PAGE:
Ultimately, as ugly as it seemed to some, the poison solution was found to be most effective and it was adopted all over.  Poison really took off with the invention of Roundup, and it went to a whole new level with the development of “Roundup Ready” crops.   These were crops grown from seeds that had been genetically modified to resist the poison.

So farmers could spray their fields with the stuff, and it would kill everything but the crop.  Cool.  Or so they thought.

As efficient as it sounded, there was a public outcry.  Genetically modifying seeds to resist Roundup sounded much the same as modifying an animal strain to resist nerve gas, and then using the gas to kill everything else.  Indeed, the two situations are analogous.  The more people thought about it, the less they liked it.

But it made money.   Farm yields rose, so farmers bought in, hoping no one would look too close.  In the Unites States the farmers were helped by a strong chemical lobby who kept the genetic engineering hidden from public view.  Europe, however, followed a more transparent path.  The result:  over 80% of American corn, soy, and cotton is genetically modified, and we lead the world in GMO plant production.

And thanks to the chemical lobby, most Americans have no idea this is happening.  Other countries either require disclosure or ban GMO food outright.  Some call it Frankenfood.  Scientist defend the practice, saying we have genetically engineered food for centuries with selective breeding.  But earlier "natural" engineering is probably inherently safer, because any combination that results comes from natural cross breeding simply mimics what evolves in nature where GMO scientists introduce targeted modifications which could never have originated in nature, and whose side effects are poorly understood.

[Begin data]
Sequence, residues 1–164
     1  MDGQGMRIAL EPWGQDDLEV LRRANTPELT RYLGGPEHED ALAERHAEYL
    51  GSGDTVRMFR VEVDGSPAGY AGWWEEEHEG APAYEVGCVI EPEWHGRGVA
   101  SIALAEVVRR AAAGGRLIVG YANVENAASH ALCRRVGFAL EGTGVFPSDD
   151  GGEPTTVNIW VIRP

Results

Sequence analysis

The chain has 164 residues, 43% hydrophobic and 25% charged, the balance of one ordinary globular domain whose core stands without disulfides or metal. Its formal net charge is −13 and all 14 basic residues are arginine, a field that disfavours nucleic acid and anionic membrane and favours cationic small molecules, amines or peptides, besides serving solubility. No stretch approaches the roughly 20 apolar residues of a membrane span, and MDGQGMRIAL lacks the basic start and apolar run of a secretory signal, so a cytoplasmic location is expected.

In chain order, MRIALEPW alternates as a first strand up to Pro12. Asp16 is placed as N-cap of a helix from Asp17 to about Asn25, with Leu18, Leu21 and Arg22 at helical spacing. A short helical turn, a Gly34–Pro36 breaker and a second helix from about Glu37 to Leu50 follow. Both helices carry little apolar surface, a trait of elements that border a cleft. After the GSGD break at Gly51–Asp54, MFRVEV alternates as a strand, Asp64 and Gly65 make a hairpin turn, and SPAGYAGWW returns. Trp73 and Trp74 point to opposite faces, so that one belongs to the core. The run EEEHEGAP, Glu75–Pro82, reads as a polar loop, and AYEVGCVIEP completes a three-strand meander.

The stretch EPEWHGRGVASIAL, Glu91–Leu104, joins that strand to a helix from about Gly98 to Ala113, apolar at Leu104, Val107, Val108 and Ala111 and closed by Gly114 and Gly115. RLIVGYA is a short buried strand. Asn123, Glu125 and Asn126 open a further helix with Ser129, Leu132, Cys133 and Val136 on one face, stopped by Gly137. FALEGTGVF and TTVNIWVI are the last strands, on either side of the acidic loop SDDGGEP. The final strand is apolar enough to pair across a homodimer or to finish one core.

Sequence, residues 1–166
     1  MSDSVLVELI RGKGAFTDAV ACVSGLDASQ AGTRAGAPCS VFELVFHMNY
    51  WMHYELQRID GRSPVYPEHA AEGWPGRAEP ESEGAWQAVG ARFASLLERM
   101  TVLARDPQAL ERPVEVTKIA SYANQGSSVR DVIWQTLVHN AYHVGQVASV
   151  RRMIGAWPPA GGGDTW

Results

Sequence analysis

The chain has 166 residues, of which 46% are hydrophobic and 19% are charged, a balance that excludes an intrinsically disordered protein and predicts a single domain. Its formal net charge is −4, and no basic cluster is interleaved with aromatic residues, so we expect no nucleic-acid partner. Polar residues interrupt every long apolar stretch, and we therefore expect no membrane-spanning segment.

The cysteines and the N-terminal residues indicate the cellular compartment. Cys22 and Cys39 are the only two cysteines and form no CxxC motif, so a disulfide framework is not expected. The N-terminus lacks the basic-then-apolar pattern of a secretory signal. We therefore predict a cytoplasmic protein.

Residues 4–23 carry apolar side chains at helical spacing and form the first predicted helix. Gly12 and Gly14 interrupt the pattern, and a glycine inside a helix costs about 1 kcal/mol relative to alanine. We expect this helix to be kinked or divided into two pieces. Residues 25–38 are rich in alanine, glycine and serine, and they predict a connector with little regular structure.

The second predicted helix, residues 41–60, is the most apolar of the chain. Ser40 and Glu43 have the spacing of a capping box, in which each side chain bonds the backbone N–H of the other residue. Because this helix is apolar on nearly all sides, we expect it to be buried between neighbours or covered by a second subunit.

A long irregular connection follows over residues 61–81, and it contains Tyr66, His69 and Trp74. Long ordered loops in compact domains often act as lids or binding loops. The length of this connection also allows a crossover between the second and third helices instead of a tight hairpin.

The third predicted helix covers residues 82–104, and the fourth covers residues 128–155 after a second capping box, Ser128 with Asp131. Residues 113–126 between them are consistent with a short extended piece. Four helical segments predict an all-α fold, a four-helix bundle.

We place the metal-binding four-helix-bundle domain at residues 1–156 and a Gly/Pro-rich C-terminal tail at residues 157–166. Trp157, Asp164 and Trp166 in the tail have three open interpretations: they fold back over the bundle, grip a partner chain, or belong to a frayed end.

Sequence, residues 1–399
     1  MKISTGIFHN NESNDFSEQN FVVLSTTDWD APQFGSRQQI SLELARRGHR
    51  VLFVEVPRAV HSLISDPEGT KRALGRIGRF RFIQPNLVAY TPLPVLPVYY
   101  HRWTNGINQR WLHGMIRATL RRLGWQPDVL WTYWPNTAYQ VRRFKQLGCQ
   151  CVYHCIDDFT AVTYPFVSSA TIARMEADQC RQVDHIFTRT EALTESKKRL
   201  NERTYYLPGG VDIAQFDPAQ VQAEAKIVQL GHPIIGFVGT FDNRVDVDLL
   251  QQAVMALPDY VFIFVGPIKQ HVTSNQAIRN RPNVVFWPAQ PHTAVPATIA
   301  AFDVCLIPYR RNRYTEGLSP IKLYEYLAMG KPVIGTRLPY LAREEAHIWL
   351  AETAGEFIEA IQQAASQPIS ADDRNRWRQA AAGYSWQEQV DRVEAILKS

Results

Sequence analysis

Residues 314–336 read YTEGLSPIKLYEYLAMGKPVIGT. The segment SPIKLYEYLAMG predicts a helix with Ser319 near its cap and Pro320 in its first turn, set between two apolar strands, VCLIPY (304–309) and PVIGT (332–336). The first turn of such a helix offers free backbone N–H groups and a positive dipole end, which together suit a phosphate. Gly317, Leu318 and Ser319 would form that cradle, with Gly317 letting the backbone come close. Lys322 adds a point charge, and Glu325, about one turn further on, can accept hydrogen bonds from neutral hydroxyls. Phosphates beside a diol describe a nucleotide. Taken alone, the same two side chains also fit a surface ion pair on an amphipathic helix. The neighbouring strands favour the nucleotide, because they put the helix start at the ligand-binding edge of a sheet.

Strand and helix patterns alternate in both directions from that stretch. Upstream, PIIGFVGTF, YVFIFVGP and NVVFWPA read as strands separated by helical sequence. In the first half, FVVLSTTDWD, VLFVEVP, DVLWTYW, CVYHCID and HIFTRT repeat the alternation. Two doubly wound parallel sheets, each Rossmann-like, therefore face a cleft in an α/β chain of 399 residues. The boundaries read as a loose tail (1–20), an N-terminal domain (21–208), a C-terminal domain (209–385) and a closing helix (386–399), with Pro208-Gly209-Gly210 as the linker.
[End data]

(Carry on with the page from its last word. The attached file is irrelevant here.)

So the rest of the world hasn’t been so quick to embrace our chemical giant’s technology.   How do we know it’s safe, they ask?  People remember Jurassic Park, and wonder if we are creating something similar, but with plants instead of animals.  It looks like that day has come.

Roundup is the most successful herbicide ever devised.   It kills everything in its path, except for the special Roundup Ready plants they have engineered.  Unfortunately, nature has proven to be adaptable and resilient in the face of this manmade challenge.  The weeds have evolved to resist this powerful poison, possibly by integrating the manmade Roundup Ready genetic code into their DNA, and possibly by evolving an equivalent on their own..

Either way, we now have Roundup Ready weeds